This study utilizes a biocultural approach to investigate skeletal evidence for violence among Mississippian communities in the Middle Cumberland Region (MCR) of Tennessee. Bioarchaeological evidence for violence is placed within the local environmental and cultural context in order to better understand temporal trends in regional conflict. Bioarchaeological analyses were conducted on the crania of 599 adult individuals from 13 sites in the MCR. Approximately 7.2 percent of the sample (43/599) showed evidence of violent cranial injuries in the form of scalping, sharp force trauma, and blunt force trauma. While overall trauma frequencies appear to increase during the later Mississippian period, this may reflect a shift in the nature of violence, rather than simply an intensification of intergroup conflict. More fine-grained temporal comparisons are made for samples from the late Mississippian Averbuch site. The variability in the frequencies and types of violence observed within the MCR demonstrates the issues inherent in the reliance on broad generalizations about human behavior in the past and highlights the importance of utilizing both a regional and diachronic approach.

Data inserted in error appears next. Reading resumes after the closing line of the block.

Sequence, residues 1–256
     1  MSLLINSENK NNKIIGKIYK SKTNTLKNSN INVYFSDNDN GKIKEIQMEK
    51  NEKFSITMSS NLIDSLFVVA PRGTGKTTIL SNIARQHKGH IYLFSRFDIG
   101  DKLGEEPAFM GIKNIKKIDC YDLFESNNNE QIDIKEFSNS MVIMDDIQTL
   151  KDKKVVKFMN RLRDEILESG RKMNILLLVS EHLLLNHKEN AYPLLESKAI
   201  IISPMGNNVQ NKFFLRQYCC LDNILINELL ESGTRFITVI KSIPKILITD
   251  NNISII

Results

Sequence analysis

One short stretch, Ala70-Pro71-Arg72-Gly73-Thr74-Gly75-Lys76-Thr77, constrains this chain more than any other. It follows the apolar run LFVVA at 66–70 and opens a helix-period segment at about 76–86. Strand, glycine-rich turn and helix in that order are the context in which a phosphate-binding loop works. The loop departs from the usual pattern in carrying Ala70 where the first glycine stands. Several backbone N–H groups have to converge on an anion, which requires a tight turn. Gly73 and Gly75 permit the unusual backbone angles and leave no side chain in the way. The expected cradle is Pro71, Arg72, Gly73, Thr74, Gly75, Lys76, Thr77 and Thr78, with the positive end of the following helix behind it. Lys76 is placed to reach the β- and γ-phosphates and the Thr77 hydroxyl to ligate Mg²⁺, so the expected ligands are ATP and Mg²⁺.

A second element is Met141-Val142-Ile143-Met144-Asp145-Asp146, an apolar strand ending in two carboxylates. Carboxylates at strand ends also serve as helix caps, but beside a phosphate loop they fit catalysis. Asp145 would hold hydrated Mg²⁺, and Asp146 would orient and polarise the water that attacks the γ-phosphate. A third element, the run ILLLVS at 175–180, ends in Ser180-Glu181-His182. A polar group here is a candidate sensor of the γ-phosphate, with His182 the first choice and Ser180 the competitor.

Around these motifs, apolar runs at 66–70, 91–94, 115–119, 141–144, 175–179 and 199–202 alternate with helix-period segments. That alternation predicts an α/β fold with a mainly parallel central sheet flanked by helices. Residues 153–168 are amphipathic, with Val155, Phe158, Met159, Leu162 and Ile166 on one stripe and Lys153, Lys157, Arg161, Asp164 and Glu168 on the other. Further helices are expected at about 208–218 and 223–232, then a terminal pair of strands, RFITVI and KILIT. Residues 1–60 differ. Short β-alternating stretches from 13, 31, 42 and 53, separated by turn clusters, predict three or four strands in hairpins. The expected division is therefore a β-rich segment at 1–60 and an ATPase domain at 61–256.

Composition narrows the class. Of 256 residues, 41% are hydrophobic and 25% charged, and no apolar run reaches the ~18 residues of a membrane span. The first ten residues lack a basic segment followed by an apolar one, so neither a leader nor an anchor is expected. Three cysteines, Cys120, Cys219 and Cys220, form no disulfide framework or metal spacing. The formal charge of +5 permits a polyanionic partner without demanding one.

|Number of pages
|Published - 2017
Bibliographical noteFunding Information:
This project was supported by an NSF grant awarded to D. W. Steadman and C. C. Cobb (BCS-0613173); Division of Behavioral and Cognitive Sciences. A special thank you to the following people and institutions for their help and granting permission to analyze skeletal collections from the MCR of Tennessee: The Tennessee Division of Archaeology, Boyce Driskell and Jennifer McDonough at the University of Tennessee Archaeological Research Laboratory, Lynne Sullivan at the McClung Museum of Natural History and Culture, Tiffiny Tung at Vanderbilt University, and Michele Morgan and Olivia Herschensohn at The Peabody Museum of Archaeology and Ethnology at Harvard University. I am grateful to Charles R. Cobb, Michael C. Moore, and Kevin E. Smith for sharing their archaeological knowledge and expertise. I would especially like to thank the anonymous reviewers, editors, as well as Giovanna M. Vidoli, Dawnie Wolfe Steadman, Erin Koch, Janet Mansfield, and Hilary Jarvis for their comments and suggestions on early drafts of this manuscript.
© Southeastern Archaeological Conference 2017.
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